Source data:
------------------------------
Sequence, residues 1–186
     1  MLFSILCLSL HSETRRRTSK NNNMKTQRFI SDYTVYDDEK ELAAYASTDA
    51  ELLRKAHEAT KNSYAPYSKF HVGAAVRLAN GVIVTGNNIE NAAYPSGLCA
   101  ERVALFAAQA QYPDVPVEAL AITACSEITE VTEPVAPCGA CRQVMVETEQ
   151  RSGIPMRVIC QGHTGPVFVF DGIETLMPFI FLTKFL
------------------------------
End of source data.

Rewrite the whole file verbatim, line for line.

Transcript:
Sequence, residues 1–186
     1  MLFSILCLSL HSETRRRTSK NNNMKTQRFI SDYTVYDDEK ELAAYASTDA
    51  ELLRKAHEAT KNSYAPYSKF HVGAAVRLAN GVIVTGNNIE NAAYPSGLCA
   101  ERVALFAAQA QYPDVPVEAL AITACSEITE VTEPVAPCGA CRQVMVETEQ
   151  RSGIPMRVIC QGHTGPVFVF DGIETLMPFI FLTKFL